Does Apple Really Want To Be Like Netflix?
This should come as no surprise. While Apple strong-armed the music industry into doing exactly what it wanted, how it wanted it done and when it wanted it to happen, that act will not fly with the TV and movie guys. Apple pulls sway with wireless carriers to subsidize the living heck out of iPhone because it operates from a position of massive strength in that relationship. It might even be able to take cable and satellite companies to the cleaners to subsidize iTV. When you look to the owners of premium content, however, Apple is really not all that different than Netflix(NFLX) .
Certainly, Apple is 500 times the company Netflix is. It has loads more money. From every angle, Apple reigns superior over Netflix. Then, why does it appear that Apple is looking to mold iTV from what basically amounts to a Netflix model?
There has to be more, much more, to the story. Is Apple really going to enter a bidding war with the likes of Rupert Murdoch's Sky Sports and Al Jazeera to secure English broadcast rights to English Premier League soccer? And if Apple is indeed talking to Epix about content it's sane and logical to imagine it's talking to other big-time content owners as well.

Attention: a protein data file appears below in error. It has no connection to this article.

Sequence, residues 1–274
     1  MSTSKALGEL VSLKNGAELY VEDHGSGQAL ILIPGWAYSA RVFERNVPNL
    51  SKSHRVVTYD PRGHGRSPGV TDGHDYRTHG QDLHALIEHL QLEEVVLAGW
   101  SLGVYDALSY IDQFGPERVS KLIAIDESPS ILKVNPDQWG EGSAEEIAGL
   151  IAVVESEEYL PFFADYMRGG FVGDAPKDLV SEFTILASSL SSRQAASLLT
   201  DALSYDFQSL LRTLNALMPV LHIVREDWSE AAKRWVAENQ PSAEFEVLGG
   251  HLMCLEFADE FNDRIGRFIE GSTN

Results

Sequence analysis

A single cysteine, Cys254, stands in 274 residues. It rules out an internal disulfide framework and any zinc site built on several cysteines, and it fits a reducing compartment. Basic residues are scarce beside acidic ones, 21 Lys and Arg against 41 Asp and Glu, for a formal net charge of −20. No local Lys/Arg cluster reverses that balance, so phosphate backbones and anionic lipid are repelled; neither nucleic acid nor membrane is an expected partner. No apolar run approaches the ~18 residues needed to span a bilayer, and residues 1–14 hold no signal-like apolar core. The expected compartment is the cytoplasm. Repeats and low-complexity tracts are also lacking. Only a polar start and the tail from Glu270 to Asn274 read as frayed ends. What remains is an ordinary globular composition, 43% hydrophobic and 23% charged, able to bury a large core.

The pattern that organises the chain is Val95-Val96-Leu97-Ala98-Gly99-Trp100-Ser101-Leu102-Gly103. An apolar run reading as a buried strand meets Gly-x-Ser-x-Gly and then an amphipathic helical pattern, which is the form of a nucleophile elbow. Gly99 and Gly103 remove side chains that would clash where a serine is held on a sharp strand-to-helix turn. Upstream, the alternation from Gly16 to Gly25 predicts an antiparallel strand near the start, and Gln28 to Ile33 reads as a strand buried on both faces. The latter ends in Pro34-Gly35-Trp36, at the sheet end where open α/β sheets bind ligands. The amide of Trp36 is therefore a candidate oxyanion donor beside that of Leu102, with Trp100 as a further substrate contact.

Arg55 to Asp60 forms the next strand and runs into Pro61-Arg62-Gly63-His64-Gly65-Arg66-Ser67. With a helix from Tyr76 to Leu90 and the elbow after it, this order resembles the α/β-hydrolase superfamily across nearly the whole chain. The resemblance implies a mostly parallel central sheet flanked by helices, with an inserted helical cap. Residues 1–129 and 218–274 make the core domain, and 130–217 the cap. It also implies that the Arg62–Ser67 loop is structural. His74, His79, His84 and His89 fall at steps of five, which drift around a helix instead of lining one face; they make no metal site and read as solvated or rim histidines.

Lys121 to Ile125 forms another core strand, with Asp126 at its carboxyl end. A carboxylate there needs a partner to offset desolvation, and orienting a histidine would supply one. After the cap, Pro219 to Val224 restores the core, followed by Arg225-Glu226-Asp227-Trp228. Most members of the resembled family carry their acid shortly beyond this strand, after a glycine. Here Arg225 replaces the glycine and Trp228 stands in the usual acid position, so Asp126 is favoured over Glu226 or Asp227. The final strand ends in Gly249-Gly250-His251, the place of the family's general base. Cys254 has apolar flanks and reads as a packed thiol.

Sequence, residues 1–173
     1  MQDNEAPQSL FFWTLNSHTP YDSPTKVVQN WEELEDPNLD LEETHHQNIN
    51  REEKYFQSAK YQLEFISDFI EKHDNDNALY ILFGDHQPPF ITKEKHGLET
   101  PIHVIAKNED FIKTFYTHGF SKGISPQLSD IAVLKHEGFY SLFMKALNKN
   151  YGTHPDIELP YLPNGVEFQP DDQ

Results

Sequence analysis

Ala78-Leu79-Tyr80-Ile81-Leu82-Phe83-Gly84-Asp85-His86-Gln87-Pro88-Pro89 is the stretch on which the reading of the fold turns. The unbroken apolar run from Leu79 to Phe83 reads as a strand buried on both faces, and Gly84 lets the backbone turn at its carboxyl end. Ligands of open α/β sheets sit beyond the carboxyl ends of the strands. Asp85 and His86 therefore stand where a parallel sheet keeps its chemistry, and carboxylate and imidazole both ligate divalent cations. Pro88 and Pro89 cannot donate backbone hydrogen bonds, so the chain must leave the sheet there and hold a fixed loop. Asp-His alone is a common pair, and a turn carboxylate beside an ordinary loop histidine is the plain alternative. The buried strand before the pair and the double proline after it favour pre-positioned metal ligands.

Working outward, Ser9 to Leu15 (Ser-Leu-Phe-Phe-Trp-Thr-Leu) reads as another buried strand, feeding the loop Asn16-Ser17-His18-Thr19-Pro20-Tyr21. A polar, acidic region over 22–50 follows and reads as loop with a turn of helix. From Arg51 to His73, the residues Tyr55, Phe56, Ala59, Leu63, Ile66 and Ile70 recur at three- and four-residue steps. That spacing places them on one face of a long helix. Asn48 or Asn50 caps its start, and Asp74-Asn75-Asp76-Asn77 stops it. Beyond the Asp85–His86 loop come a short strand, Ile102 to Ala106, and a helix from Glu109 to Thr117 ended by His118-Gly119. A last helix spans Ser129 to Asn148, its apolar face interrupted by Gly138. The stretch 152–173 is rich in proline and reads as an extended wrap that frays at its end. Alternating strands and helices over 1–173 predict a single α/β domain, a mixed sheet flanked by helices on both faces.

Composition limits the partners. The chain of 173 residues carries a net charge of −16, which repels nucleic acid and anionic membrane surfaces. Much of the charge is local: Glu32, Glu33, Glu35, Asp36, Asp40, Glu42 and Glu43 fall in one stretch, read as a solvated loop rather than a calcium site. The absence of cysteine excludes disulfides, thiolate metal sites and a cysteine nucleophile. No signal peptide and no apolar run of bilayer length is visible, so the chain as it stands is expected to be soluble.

If this is the case, it's a good thing Apple has billions upon billions of dollars at its disposal. The level of spending Apple will have to attain to cull together a robust offering will make the several billion Netflix is on the hook for look like the car payment on a new Dodge Dart. In other words, Apple will do what Netflix needs to do, but does not have the cash to do to be successful. But, that's a surface scratch view that ignores context.
Even if Netflix found itself flush with Apple-like cash it could never be successful as a middle man. Unless Apple offers up most of its war chest of cash, it will find itself in a situation similar to Netflix. Content owners have roughly the same amount of incentive to offer Apple premium programming as they do Netflix. Apple operates from more of a position of strength than Netflix given the popularity of its products, but that's not enough to impress and intimidate Hollywood.